UMass immunology expert: Sepsis remains very common, costly

“The case rate for sepsis is increasing,” says Dr. Douglas Golenbock, Chief of the Infectious Diseases and Immunology Division of the University of Massachusetts (UMass) Medical School, as he compares incidence data from various sources during his presentation at the Laboratory Research Division (LRD) Brown Bag session on January 11, 2019 at the RITM Auditorium.

Sepsis is a life-threatening condition that arises when the body’s response to an infection injures its own tissues and organs. According to the World Health Organization, sepsis affects more than 30 million people worldwide every year, potentially leading to six million deaths.

“Sepsis is a full body disease because it involves every organs like kidney, heart, brain, lungs, gastrointestinal tract, and immune system,” emphasized Dr. Golenbock.

Talking to over 135 RITM researchers and doctors, Dr. Golenbock presented relevant information on gram-negative bacterial sepsis, a common cause of shock and death. He explained that lipopolysaccharide or LPS is a major constituent of the gram-negative bacterial outer membrane and is thought to be responsible for gram-negative sepsis.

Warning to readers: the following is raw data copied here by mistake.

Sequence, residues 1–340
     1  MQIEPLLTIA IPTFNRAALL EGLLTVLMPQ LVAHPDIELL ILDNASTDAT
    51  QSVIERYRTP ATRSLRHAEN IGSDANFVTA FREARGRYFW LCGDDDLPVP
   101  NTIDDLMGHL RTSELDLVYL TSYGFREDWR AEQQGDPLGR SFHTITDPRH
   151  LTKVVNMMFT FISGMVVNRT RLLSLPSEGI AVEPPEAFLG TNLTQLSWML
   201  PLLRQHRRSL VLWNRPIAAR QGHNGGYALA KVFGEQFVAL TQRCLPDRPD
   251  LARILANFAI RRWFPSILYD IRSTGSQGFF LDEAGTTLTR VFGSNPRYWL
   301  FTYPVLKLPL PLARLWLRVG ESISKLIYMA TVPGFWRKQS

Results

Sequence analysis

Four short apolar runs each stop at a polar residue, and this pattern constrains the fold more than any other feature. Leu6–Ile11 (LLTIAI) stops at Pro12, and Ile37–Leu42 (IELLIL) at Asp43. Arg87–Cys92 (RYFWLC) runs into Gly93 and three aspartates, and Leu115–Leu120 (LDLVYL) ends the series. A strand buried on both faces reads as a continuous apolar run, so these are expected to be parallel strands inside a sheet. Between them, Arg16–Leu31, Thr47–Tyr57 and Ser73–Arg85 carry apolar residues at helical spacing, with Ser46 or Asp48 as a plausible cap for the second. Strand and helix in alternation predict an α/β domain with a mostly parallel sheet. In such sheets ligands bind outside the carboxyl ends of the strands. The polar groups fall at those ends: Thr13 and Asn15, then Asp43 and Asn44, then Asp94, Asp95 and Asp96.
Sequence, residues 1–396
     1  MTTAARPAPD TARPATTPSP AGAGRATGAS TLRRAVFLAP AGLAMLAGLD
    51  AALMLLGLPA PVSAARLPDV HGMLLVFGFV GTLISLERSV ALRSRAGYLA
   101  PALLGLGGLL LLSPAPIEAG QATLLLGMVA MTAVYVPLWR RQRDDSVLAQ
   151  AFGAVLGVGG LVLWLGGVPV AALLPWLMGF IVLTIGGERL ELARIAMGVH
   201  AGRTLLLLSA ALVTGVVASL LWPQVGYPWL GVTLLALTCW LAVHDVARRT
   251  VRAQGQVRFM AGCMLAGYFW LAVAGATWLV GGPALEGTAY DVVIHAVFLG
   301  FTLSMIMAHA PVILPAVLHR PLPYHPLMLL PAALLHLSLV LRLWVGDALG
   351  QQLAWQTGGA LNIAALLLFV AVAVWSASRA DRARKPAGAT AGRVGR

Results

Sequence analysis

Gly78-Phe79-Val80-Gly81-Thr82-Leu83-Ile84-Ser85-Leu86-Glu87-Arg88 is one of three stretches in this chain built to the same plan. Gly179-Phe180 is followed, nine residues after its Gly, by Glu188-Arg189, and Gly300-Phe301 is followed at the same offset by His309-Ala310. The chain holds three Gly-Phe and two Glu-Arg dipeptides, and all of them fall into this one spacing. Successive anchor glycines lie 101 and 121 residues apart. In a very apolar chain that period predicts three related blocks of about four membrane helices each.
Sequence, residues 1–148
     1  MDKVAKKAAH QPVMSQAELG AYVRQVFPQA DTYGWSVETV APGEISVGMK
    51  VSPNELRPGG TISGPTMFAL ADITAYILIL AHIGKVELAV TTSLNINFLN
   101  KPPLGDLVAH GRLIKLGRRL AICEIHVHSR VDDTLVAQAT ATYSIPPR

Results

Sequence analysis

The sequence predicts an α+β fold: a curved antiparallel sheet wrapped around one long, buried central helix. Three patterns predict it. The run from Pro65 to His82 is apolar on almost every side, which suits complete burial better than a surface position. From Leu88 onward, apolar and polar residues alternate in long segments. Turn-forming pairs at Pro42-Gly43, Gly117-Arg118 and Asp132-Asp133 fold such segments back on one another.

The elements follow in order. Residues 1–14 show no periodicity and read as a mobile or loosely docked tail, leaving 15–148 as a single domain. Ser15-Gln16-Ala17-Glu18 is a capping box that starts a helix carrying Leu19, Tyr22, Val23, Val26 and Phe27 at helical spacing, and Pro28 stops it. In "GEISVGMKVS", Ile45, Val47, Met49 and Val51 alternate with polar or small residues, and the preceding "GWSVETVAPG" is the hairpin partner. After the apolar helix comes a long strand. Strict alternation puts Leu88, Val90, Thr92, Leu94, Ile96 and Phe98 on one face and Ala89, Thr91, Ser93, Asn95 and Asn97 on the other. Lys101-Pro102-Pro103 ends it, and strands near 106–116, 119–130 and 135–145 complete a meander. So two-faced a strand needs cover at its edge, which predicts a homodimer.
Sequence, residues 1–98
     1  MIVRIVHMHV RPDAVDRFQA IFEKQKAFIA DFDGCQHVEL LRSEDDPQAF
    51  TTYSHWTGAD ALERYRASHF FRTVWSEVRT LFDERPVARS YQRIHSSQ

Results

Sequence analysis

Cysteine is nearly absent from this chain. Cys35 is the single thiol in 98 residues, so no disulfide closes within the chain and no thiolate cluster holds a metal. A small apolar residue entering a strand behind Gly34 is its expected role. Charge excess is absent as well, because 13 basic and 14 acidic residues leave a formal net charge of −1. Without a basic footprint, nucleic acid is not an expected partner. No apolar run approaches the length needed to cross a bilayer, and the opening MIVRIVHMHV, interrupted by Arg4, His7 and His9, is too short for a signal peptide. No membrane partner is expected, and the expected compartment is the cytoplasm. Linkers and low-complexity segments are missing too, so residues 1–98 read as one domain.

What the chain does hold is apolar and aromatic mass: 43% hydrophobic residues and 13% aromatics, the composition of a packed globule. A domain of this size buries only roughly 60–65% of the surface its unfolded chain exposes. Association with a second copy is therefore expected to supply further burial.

Dr. Golenblock’s lecture also showcased a variety of sepsis cases, highlighting some common sense warnings about diagnosing sepsis, which includes possibility of the absence of fever in elderly, chronically ill, and malnourished individuals; absence of tachycardia on individuals on beta-blockers; and possibility of a changing and normal range of white blood cell at the time of checking the patients.

Dr. Golenbock reminds physicians that antimicrobial therapy for sepsis works and should be initiated as soon as possible.

“The longer you delay the administration of antibiotics, the higher the risk for the sepsis to get worse,” emphasized Dr. Golenbock. Antibiotics may also be toxic to patients so it is crucial to choose antibiotics wisely, not attempting to “cover everything”.

Dr. Kenneth Rock, Chair of Department of Pathology UMass Medical School, also presented principles and mechanisms of antigen – an important aspect in immunology and vaccine production.

Organized by LRD, Dr. Golenbock and Dr. Rock’s joint lecture is the first of a series of brown bag sessions for the year. The LRD Brown Bag conference aims to encourage research communication and to promote knowledge-sharing among RITM researchers.

by JA Quinto, Communication and Engagement Office